Mochi vs Dango vs Daifuku
Continuing with the idea of desserts, I bring to you today a topic that confused the absolute goodness out of me while I was in Japan: mochi vs. dango vs. daifuku. For the longest time, I thought they were the same. I’d heard of mochi before arriving in Japan and made the
uneducated assumption that everything that looked like mochi was mochi… it’s not. -.- It’s for this reason that I want to save all of you from making the same mistake I did and mixing up mochi and dango and daifuku because there is a difference!
To start, though, I should probably explain what mochi is since it’s the most important part of the three items. Mochi is a Japanese rice cake made from glutinous rice. It is ground, steamed, and pounded into a sticky ball. As a result, it’s very chewy and has no color (aka it’s white). Though, color can be added to it. Also, mochi is not naturally sweet, which is why dango and daifuku exist because these are mochi that have additives to make them into sweet snacks or desserts.
The most important difference between mochi and dango is that while mochi is made from rice, dango is made from rice flour(mochiko). Though, both are commonly white and lack a strong flavor of their own. The best way I found to determine dango from mochi is the appearance because dango is often served as 3-4 tiny round balls which are skewered on a stick. Often times, the dango will have a sauce poured over it as well or perhaps anko spread over the top. Outside of this, dango and mochi look very similar in appearance and are easy to mistake.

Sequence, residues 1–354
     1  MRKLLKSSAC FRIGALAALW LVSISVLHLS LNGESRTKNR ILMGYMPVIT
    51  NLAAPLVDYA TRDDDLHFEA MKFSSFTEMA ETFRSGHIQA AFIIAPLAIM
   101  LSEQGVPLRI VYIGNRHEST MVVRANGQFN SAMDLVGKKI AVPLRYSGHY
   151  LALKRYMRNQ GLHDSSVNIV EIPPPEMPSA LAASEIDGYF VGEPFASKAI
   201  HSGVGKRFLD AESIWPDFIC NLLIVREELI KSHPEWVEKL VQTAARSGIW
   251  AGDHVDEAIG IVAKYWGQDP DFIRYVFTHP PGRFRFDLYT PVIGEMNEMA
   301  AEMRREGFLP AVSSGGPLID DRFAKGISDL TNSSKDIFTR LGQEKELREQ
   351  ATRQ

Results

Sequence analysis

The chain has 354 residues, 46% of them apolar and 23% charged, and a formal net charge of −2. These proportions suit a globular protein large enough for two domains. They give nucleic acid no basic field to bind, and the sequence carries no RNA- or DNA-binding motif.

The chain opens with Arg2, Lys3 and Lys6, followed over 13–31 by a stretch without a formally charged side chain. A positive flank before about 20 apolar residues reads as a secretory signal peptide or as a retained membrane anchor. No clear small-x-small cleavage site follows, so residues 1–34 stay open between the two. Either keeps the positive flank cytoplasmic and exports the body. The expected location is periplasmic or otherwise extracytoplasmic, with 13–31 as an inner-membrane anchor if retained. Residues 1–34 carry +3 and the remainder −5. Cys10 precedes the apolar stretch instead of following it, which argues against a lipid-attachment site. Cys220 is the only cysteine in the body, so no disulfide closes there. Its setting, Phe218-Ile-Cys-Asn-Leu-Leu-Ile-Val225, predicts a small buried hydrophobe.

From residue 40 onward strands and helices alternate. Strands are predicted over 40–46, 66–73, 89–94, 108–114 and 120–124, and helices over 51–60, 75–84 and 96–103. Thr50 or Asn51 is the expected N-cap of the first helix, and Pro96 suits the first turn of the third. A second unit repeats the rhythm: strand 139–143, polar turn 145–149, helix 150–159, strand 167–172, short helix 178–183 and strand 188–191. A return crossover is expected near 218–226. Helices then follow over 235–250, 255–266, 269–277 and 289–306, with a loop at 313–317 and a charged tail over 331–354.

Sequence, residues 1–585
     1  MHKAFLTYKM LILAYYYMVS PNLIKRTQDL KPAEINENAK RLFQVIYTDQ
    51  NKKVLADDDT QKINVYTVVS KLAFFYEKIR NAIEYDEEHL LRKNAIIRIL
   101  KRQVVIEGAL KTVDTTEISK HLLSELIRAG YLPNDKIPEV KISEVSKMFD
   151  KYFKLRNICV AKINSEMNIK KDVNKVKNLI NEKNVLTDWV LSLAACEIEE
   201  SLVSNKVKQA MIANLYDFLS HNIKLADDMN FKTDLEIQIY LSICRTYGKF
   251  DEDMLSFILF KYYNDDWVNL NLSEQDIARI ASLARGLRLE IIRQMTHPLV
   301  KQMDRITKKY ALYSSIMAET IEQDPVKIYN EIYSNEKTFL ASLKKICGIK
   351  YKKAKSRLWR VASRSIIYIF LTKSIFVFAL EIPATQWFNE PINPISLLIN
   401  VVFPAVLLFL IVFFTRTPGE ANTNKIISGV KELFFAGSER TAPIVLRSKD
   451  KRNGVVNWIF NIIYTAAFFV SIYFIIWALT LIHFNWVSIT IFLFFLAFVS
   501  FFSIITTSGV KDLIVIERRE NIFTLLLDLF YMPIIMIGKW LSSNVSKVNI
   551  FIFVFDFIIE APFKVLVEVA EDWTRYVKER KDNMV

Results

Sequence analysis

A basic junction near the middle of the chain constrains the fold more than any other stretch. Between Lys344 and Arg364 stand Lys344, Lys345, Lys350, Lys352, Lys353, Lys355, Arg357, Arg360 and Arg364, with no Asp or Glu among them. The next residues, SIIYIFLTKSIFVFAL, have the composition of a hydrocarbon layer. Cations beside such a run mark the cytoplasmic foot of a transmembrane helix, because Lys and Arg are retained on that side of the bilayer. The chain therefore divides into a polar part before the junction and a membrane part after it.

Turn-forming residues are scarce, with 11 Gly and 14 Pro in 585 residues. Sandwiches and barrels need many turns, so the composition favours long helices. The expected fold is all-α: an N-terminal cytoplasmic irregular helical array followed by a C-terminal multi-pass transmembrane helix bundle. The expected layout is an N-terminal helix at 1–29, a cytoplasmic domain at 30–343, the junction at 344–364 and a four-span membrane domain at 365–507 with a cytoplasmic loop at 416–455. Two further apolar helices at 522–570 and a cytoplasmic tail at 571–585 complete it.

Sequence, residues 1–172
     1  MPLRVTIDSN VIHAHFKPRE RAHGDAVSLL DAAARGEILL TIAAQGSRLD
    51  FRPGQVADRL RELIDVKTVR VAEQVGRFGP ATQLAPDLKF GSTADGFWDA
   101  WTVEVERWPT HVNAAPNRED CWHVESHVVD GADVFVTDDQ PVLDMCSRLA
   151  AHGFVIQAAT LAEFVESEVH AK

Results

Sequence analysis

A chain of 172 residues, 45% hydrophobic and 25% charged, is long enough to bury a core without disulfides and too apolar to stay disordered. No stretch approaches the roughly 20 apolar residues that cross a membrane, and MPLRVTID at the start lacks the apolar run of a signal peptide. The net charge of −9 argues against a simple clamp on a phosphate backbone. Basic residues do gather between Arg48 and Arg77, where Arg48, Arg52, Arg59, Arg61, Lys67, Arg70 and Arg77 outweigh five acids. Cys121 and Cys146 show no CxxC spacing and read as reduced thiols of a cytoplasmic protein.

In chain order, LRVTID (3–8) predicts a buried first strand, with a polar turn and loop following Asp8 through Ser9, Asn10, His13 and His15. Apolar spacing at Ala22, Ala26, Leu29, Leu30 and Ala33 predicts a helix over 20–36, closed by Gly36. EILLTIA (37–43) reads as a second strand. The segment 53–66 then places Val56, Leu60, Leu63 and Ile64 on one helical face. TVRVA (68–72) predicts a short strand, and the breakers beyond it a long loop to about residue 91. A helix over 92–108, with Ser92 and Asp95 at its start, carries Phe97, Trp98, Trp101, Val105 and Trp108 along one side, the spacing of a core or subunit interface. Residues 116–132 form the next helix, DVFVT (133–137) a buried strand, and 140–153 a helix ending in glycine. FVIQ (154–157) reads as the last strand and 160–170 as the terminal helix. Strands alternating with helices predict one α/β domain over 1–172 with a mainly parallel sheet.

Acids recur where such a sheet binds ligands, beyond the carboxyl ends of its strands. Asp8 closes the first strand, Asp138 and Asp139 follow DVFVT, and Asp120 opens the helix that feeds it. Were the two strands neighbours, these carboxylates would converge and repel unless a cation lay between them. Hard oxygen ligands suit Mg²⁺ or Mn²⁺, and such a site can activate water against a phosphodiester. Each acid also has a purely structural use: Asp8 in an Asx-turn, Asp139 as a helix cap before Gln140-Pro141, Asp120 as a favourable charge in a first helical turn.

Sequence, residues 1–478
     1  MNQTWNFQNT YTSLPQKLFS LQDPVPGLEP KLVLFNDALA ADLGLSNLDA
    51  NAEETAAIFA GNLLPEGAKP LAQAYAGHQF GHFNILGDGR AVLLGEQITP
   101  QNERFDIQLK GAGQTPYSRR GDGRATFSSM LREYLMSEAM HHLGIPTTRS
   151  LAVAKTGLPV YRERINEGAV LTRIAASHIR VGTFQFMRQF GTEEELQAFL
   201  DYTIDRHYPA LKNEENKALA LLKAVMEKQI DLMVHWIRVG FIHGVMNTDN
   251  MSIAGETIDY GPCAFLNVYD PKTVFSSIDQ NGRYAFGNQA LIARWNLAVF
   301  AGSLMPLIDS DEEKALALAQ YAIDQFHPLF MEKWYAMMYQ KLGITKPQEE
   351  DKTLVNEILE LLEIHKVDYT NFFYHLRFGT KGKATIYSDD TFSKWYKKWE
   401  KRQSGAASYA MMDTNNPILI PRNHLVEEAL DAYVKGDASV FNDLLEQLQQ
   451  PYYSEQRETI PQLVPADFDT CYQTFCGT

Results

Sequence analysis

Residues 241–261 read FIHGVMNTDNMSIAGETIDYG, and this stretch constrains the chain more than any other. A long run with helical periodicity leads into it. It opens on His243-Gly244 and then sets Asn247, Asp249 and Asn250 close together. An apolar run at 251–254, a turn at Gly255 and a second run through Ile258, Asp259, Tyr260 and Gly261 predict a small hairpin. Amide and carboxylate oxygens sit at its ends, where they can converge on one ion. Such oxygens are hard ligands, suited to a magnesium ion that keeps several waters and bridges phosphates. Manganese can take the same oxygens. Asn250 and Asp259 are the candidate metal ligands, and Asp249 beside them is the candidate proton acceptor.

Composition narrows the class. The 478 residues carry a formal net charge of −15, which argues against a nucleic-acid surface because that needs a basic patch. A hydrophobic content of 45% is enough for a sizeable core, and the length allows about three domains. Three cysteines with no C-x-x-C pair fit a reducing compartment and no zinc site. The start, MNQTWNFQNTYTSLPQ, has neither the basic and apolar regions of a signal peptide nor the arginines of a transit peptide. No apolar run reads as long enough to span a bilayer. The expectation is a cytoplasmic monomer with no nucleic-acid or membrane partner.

Daifuku, on the other hand, is rather easy to differentiate between dango and mochi. While it can come in a multitude of colors like the above desserts, it’s different in that it is filled. Daifuku is literally filled mochi. The most common filling is anko, but other fillings may appear. For example, while I was in Japan, I found lemon-filled daifuku. Super yummy! Some people even put fruit inside the mochi, such as strawberries.
I hope this was insightful and will help you differentiate mochi from dango from daifuku should you ever find yourself in Japan. And if you do, please try each of these! They’re all very amazing! The texture and taste may take some getting used to Westerners(especially if you’ve never had Turkish Delight or marzipan), but it’s worth the experience to try something so traditional! Let me know in the comments below if you’ve ever had mochi, dango, or daifuku and what your thoughts are!